Mljet is the southernmost of the bigger islands in Croatia, a little over 20 miles northwest of Dubrovnik. A large part of the island is covered by a national park, which is one of only eight in the country. That has brought tourists over the years, but, luckily, most of the crowds stick to the most popular northwestern tip of the island around Pomena. The rest of the island is still Croatia’s little secret.
There is no shortage of things to do and see around this long Dalmatian rock, from exploring the pinewood forests, the lakes, the beaches, and the caves in the national park area to snorkeling and diving around the rock reefs offshore. One of the lakes on the island, Veliko Jezero, has a small islet known as Sveta Marija in its center. It hosts an old monastery that has been there since the 12th-century and now serves as a café.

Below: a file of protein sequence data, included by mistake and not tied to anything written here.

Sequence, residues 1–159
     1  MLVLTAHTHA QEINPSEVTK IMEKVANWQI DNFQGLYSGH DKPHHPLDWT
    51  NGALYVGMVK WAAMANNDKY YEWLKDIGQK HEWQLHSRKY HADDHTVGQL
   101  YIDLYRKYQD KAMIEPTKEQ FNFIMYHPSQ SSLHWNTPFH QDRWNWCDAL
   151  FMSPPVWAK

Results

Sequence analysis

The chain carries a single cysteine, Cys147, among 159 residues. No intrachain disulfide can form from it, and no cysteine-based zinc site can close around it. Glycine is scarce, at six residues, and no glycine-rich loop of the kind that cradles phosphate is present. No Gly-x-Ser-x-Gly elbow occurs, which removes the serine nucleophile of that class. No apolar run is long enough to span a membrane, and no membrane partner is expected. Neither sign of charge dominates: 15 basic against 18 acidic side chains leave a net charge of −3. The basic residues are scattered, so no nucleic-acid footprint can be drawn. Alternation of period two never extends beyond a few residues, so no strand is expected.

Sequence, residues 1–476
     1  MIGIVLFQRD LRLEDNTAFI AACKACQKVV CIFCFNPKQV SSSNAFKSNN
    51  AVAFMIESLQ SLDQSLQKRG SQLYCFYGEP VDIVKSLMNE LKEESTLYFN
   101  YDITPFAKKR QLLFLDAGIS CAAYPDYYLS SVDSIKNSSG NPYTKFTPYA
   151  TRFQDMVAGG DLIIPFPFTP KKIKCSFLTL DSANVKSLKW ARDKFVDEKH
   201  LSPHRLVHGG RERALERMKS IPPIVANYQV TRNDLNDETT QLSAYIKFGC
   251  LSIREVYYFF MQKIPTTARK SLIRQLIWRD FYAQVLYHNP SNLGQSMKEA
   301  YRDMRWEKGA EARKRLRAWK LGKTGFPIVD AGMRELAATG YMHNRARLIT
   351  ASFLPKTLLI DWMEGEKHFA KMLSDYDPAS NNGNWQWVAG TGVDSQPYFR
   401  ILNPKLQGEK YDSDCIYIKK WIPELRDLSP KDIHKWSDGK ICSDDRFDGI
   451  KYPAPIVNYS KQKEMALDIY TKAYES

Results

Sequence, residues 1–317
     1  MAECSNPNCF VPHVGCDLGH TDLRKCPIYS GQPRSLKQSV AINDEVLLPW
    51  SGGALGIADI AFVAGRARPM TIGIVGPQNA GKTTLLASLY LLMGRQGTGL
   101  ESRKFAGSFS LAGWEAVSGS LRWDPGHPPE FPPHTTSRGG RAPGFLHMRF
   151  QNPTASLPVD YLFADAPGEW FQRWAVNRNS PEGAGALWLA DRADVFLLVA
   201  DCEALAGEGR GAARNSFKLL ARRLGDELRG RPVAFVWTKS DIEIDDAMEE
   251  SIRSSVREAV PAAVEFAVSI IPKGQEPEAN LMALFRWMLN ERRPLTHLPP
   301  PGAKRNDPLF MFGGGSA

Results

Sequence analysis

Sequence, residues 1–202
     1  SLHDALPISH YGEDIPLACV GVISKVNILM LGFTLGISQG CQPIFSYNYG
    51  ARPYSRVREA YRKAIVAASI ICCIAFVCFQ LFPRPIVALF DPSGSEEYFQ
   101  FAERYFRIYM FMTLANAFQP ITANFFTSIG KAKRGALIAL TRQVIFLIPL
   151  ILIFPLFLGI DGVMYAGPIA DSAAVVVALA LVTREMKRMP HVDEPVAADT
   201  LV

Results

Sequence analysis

You can only reach Mljet by ferry. There are daily connections from Dubrovnik, the Pelješac Peninsula, Split, and Korcula. Once you get to the island, it’s worth renting a car or bike because it’s hard to get around without one.
Adventurous travelers who are looking for off-the-beaten-path attractions in Croatia will surely enjoy what this canyon has to offer. From technical climbing routes to hiking trails and thrilling ziplines, this place is a paradise for outdoor lovers.
It runs for 14km (8.6 miles) along the Čikola River, which flows into Visovačko jezero in the middle of Krka National Park. The canyon is very steep, with walls as high as 170 meters in some parts.
Čikola canyon is in Northern Dalmatia in the wider Šibenik region, less than 20 minutes’ drive from Lozovac. There is parking close to the entrance to the canyon, so you won’t have too much trouble getting in by car.